Apart from the western flycatcher, which occupies southeast Alaska, the other flycatchers on this list are also more likely to be seen in inland areas from eastern to central Alaska.

Old-World Flycatchers

bluethroat flycatcher
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Given its proximity to Russia, Alaska is home to several typically Eurasian species, including two old-world flycatcher species, the bluethroat and northern wheatear.

The bluethroat in particular is a beautiful bird with males sporting a sky blue and orange throat as well as orange along the tail and breast.

In Alaska, the bluethroat is restricted to the tundra of the northern part of the state during the breeding season, but its range in the rest of the world is much more expansive, reaching from the Russian tundra to warmer parts of Europe.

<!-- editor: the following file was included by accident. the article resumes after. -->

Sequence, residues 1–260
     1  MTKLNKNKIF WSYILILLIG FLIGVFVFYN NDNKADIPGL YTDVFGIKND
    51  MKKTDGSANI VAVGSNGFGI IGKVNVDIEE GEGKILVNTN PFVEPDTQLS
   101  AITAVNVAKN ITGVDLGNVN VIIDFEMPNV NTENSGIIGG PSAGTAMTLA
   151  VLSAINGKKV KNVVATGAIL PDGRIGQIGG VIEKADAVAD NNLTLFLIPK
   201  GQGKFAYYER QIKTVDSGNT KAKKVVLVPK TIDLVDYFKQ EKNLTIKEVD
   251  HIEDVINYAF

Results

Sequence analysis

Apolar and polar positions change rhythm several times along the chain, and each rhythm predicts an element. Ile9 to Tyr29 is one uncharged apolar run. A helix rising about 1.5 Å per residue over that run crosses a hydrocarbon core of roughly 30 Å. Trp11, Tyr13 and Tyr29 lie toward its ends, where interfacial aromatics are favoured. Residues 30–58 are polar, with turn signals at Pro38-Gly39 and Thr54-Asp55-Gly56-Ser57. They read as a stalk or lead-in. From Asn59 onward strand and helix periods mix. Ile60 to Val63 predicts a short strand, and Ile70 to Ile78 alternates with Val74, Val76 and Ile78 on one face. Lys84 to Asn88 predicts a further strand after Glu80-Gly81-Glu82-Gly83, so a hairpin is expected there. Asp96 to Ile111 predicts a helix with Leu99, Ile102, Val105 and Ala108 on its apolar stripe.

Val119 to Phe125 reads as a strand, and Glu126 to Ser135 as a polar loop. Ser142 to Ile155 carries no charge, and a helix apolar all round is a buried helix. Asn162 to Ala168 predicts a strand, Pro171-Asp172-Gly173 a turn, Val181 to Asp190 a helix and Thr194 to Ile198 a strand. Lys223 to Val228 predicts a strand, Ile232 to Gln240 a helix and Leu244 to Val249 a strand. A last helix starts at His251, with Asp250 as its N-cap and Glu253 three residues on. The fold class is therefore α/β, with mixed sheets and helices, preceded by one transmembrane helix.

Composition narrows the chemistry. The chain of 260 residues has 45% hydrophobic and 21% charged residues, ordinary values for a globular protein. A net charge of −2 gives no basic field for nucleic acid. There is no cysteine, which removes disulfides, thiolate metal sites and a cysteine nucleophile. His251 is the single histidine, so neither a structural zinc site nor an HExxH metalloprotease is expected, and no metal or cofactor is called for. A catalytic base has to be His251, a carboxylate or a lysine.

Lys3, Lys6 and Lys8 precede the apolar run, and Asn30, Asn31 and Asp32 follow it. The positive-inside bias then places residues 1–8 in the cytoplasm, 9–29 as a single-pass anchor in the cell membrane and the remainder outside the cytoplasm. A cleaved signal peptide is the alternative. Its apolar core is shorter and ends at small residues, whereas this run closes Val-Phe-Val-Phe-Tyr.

In winter, bluethroats mostly make their way to Asia, the Middle East, and parts of Africa.

The northern wheatear, a widespread European bird found in almost all of Europe as well as parts of Asia during breeding months, is more widespread in Alaska than the bluethroat.

Come the fall, these striking birds with well-defined sections of gray, black, and buffy or tan will head all the way to Africa, then return in the spring to take up residence in tundras, open meadows, and other open spaces.

Mountain Bluebird

Mountain Bluebird
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The mountain bluebird is the only one of North America’s three bluebird species to call Alaska home, and some birders might argue that it’s the most striking of the three.

Females are mostly gray with a bit of blue along their rear tail feathers, but males are a brilliant shade of cerulean blue that deepens along the wings and lightens in certain other spots, giving them a very pleasing appearance.